Although mako sharks are among the fastest and deadliest predators in the ocean, they're not as smart as humans -- at least, they weren't. However, Dr. Susan McAlester (Saffron Burrows) has been using mako sharks as her test subjects for research on the regeneration of human brain tissues. McAlester has altered the DNA of several sharks, raising them close to the level of human intelligence; the sharks have also become faster and stronger in the process. While these DNA experiments have yielded fascinating results, they're also of questionable ethics and legality, earning her the distrust of several members of her crew, including shark authority Carter Blake (Thomas Jane and cook "Preacher" Dudley (LL Cool J). The financial backers of these experiments have also expressed skepticism, so when McAlester is ready to perform some major tests, financier Russell Franklin (Samuel L. Jackson) arrives for the occasion. McAlester and her team are delicately extracting brain tissue from one of the altered makos when the animal regains consciousness - and becomes very angry. The shark not only attacks the researchers but also damages the floating lab, leaving the crew aboard a literally sinking ship, with the makos eager to go a few rounds - in an arena that favors sharks. Deep Blue Sea was directed by Renny Harlin, and filmed in Mexico at Fox Studios Baja in the underwater filming facilities created for James Cameron's Titanic. ~ Mark Deming, All Movie Guide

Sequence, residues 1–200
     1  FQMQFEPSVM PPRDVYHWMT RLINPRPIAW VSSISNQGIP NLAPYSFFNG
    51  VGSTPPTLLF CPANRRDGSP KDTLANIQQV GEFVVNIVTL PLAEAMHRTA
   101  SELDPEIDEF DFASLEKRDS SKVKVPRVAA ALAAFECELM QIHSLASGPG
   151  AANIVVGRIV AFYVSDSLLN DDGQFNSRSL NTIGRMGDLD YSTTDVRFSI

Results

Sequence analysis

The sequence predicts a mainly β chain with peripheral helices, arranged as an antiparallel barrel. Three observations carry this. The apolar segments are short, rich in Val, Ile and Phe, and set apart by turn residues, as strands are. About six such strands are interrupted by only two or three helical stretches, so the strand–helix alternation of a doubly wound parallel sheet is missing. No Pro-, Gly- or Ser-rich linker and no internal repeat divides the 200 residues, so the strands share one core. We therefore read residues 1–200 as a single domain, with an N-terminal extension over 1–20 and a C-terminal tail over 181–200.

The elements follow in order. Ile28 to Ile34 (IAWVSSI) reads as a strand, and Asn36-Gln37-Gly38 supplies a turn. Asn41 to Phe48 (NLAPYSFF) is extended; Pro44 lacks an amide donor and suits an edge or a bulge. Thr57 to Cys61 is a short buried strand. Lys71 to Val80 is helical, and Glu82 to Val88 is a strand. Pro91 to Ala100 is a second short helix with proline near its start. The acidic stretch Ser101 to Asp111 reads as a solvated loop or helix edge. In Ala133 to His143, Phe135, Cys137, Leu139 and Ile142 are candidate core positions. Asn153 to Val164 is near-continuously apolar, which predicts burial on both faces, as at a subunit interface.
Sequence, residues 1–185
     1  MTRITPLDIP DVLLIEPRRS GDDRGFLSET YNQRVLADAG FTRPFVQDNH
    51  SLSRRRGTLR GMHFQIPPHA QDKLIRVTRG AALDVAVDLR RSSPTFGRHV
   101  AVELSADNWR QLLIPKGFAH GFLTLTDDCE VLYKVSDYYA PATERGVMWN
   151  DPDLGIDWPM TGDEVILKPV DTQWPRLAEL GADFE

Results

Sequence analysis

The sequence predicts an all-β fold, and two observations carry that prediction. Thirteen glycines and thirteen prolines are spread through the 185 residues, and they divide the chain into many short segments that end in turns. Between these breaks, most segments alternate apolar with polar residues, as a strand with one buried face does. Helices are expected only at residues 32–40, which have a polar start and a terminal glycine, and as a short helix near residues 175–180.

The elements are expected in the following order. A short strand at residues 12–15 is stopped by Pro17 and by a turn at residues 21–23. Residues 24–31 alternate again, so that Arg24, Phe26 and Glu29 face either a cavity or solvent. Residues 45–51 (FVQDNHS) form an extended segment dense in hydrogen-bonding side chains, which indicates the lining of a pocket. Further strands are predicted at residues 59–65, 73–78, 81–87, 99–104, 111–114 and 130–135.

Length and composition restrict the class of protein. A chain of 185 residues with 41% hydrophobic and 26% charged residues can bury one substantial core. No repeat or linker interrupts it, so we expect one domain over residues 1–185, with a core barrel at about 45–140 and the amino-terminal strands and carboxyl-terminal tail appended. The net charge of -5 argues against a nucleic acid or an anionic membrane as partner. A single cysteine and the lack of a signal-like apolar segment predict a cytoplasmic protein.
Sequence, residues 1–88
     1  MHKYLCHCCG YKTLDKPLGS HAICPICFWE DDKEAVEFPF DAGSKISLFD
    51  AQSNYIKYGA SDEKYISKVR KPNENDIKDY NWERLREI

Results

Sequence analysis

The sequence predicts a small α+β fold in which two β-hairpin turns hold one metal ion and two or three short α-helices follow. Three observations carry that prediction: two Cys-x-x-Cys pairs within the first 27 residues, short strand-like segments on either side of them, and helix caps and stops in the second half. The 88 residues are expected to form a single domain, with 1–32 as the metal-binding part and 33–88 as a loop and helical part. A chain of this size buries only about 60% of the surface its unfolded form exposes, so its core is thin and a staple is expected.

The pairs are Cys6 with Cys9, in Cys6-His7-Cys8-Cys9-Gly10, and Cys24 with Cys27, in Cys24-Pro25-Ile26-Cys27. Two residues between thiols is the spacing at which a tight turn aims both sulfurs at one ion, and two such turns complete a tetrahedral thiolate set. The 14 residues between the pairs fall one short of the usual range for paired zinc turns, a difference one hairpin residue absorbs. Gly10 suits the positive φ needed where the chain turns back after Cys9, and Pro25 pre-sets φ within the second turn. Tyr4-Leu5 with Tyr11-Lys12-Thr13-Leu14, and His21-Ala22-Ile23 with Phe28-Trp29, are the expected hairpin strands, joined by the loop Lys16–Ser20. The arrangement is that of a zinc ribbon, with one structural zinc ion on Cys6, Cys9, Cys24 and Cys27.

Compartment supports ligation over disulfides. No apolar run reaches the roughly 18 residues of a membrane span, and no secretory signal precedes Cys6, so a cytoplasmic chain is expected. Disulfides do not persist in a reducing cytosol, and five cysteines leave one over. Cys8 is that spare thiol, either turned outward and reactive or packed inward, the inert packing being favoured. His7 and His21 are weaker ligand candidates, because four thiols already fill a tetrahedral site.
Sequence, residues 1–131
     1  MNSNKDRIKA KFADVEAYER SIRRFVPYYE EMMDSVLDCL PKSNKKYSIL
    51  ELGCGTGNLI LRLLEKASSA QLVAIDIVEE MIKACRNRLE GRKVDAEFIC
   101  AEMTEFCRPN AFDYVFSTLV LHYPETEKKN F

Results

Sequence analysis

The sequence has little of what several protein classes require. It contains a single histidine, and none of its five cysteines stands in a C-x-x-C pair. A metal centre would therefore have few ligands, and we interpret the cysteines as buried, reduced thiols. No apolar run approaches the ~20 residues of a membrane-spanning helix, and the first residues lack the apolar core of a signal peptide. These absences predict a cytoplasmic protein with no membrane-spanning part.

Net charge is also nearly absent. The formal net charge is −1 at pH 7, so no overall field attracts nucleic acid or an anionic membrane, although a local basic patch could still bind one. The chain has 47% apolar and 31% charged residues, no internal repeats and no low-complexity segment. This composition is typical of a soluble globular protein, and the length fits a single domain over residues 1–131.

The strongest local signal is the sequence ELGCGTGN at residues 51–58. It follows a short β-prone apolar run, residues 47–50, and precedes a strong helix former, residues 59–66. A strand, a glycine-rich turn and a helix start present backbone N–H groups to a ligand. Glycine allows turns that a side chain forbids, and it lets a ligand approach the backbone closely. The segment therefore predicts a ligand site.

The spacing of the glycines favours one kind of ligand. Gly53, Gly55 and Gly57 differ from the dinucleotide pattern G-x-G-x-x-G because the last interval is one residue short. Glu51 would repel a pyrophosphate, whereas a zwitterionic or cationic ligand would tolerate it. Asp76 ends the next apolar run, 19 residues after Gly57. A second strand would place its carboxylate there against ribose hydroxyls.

A mysterious stranger, his face swathed in bandages and his eyes obscured by dark spectacles, has taken a room at a cozy inn in the British village of Ipping. Never leaving his quarters, the stranger demands that the staff leave him completely alone. Working unmolested with his test tubes, the stranger does not notice when the landlady inadvertently walks into his room one morning. But she notices that her guest seemingly has no head! The stranger, one Jack Griffin, is a scientist, who'd left Ipping several months earlier while conducting a series of tests with a strange new drug called monocane. He returns to the laboratory of his mentor, Dr. Cranley (Henry Travers), where he reveals his secret to onetime partner Dr. Kemp (William Harrigan) and former fiancee Flora Cranley (Gloria Stuart). Monocane is a formula for invisibility, and has rendered Griffin's entire body undetectable to the human eye. Alas, monocane has also had the side effect of driving Griffin insane. With megalomanic glee, Griffin takes Kemp into his confidence, explaining how he plans to prove his superiority over other humans by wreaking as much havoc as possible. At first, his pranks are harmless; then, without batting an eyelash, he turns to murder, beginning with the strangling of a comic-relief constable. When Kemp tries to turn Griffin over to the police, he himself is marked for death. Despite elaborate measures taken by the police, Griffin is able to murder Kemp, considerately taking the time to describe his homicidal methods to his helpless victim. After a reign of terror costing hundreds of lives, Griffin is cornered in a barn, his movements betrayed by his footsteps in the snow. Mortally wounded by police bullets, Griffin is taken to a hospital, where he regretfully tells Flora that he's paying the price for meddling into Things Men Should Not Know. As Griffin dies, his face becomes slowly visible: first the skull, then the nerve endings, then layer upon layer of raw flesh, until he is revealed to be Claude Rains, making his first American film appearance. So forceful was Rains' verbal performance as "The Invisible One" that he became an overnight movie star (after nearly twenty years on stage). Wittily scripted by R.C. Sherriff and an uncredited Philip Wylie, and brilliantly directed by James Whale, The Invisible Man is a near-untoppable combination of horror and humor. Also deserving of unqualified praise are the thorouhgly convincing special effects by John P. Fulton and John Mescall. With the exception of The Invisible Man Returns, none of the sequels came anywhere close to the quality of the 1933 original. Trivia alert: watch for Dwight "Renfield" Frye as a bespectacled reporter, Walter Brennan as the man whose bicycle was stolen, and John Carradine as the fellow in the phone booth who's "gawt a plan to ketch the h'invisible man." ~ Hal Erickson, All Movie Guide